A particularly useful composition is an admixture of a compound capable of altering gene expression and/or protein translation, such as an antisense oligonucleotide, a triplex DNA compound, a ribozyme or other compound capable of altering nucleic acid sequence function, and the above-described nonionic block copolymer.
The composition of the present invention can be administered by a number of routes including, but not limited topical, transdermal, oral, trans-mucosal, subcutaneous injection, intravenous injection, intraperitoneal injection and intramuscular injection.
This invention is further illustrated by the following examples, which are not to be construed in any way as imposing limitations upon the scope thereof. On the contrary, it is to be clearly understood that resort may be had to various other embodiments, modifications, and equivalents thereof which, after reading the description herein, may suggest themselves to those skilled in the art without departing from the spirit of the present invention and/or the scope of the appended claims.
Synthesis of CRL1005
The poloxamer, CRL1005, is a tri-block copolymer of polyoxyethylene (POE) and polyoxypropylene (POP) with the middle POP hydrophobe having an average molecular weight of approximately 12000 Daltons, and the polymer having 5% POE. The initiator for the synthesis is propylene glycol. The catalyst is cesium hydroxide monohydrate (CsOH.H2 O) in a mole ratio of 2:1 (initiator:catalyst).
About 3.52 gm of cesium hydroxide was dispensed and then transferred into a glass-lined pressure reactor. The reactor was heated under vacuum at temperature of 100° C. for approximately 20 hours to dry the CsOH. After the reactor has cooled to a temperature below 50° C., an amount of 3.18 gm of the initiator, propylene glycol, was weighed and charged into the reactor.
A reservoir containing propylene oxide (PrO) was connected to the reactor. The reservoir was maintained at 30° C. in a silicone oil heat bath. Only the propylene oxide vapors from the reservoir were allowed to react with the propylene glycol initiator in the reactor. The reactor was heated and maintained at 100° C. while stirring throughout the propylene oxide addition procedure. The PrO addition reaction was continued until a total of 1073.72 gm of PrO was added to the reactor.
Samples were taken for analysis for molecular weight determination, using polyethylene glycol (PEG) standards to establish the calibration curve.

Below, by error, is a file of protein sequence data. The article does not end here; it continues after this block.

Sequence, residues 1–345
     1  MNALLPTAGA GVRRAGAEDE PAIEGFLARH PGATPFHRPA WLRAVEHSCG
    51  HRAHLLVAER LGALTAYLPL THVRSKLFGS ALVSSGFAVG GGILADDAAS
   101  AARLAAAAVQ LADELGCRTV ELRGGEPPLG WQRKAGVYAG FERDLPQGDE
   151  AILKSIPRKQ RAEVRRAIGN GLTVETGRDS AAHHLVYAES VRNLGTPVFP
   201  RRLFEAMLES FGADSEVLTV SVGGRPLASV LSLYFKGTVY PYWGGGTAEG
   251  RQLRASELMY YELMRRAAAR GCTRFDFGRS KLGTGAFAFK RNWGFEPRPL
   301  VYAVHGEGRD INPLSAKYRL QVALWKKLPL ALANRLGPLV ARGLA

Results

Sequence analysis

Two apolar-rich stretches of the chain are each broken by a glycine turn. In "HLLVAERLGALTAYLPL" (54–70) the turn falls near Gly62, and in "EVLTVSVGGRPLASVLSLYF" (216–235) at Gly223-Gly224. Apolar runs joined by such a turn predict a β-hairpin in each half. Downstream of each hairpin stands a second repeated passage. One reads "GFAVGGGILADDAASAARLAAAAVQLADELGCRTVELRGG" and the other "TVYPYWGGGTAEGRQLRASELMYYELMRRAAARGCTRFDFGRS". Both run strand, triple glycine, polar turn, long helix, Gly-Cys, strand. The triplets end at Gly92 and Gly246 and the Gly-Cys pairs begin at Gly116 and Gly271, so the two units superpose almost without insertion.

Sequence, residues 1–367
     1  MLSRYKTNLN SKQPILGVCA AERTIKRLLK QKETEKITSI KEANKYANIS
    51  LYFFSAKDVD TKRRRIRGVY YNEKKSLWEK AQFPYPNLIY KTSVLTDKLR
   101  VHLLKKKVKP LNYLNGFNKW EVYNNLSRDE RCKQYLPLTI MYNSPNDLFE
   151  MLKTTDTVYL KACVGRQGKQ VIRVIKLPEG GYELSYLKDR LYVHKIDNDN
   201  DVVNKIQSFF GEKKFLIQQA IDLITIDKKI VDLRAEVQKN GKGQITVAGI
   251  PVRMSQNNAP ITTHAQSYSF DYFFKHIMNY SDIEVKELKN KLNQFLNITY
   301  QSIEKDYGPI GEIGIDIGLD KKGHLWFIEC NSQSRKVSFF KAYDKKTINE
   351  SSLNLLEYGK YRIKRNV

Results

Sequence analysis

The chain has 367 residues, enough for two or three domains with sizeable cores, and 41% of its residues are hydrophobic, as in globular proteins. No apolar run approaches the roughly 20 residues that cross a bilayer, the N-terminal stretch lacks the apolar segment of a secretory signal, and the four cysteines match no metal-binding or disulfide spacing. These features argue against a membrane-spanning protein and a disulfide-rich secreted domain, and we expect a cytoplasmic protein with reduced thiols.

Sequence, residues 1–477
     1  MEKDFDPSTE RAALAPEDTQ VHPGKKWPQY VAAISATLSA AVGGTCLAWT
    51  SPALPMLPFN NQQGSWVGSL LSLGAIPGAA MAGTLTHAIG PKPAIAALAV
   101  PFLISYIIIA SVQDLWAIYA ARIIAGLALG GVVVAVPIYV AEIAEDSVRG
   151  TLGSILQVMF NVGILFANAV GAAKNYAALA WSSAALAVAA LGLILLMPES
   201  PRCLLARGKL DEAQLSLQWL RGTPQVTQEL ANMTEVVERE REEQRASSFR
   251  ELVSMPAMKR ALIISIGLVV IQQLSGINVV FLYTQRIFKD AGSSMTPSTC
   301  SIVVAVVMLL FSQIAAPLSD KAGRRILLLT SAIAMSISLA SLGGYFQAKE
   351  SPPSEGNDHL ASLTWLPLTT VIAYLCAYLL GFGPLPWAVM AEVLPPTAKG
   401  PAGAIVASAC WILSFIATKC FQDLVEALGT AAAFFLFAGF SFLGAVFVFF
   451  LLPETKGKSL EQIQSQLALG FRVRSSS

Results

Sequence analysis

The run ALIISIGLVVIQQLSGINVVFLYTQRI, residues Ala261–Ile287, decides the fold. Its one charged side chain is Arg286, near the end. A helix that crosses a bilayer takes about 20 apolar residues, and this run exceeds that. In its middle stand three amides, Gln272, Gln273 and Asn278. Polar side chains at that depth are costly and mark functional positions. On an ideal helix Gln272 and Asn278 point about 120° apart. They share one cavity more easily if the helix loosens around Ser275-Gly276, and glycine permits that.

56.85 gm of ethylene oxide was charged to the reactor under the same condition as the PrO, except the ethylene oxide glass reservoir was kept at room temperature. Ethylene oxide in the reactor was allowed to continue to react to completion. At this point, more samples were taken for gel permeation chromatography (GPC) analysis.
The polymer was treated with magnesium silicate (Magnesol) (approximately 4×wt. of CsOH.H2 O), diatomaceous earth (Celite) (approximately 0.3×wt of Magnesol), and water (approximately 0.11×wt. of CsOH.H2 O). An amount of 0.37 gm of water was dispensed and stirred into the reactor under a slight purge of nitrogen. A mixture of 14.15 gm of Magnesol and 4.32 gm of Celite was separated into three nominally equal portions. Each portion of the mixture was added, in three 2 hour intervals, to the reactor while heating at 110° C. and stirring at approximately 60 rpm under a slight nitrogen purge. Adding the mixture in several portions is important to effectively remove the residual catalyst. At the end of the 6 hour treatment period, the reactor was allowed to cool to room temperature before in-process samples were taken for GPC analysis.
The treated polymer was filtered. The polymer and filter funnel were heated to 70° C. Nitrogen was applied through a pressure holder to approximately 40 psig to facilitate the filtration process. The polymer was collected in glass Quorpak bottles for storage under nitrogen and refrigeration.
Physical Properties of the CRL1005
The CRL1005 synthesized in Example I was analyzed using gel permeation chromatography and nuclear magnetic resonance. The results of the analysis are as follows:
______________________________________GPC ANALYSIS______________________________________Peak Mwt 13763Wt. Av Mwt 11621% of Low Mwt 20.64Unsaturation, meq/gm 0.0561Percent EO, by NMR 5.70______________________________________ where Mwt is molecular weight
The fractions were characterized by gel permeation chromatography using polyethylene glycol (PEG) standards, NMR, and unsaturation. Gel permeation chromatography provided different average molecular weights. Percentage of ethylene oxide units was determined from NMR. Unsaturation was measured by wet chemistry and provided amount of --CH═CH-- groups present in the end groups. FIG. 1 shows a gel permeation chromatogram of CRL1005.
Particle Formation by Block Copolymers
The nonionic block copolymers that have been previously evaluated as vaccine adjuvants, such as L121 and L141, are not soluble in aqueous buffers. When mixed in aqueous solutions the individual polymer molecules bind to each other to form strands and ultimately an unorganized matrix or gel-like material is formed. As such, these copolymers have been used exclusively in emulsions where copolymer molecules bind to the oil/water interface. The copolymers with the large hydrophobic POP components, such as CRL1005, form small uniformed sized (1-2 μm) particles in aqueous buffers (FIG. 2).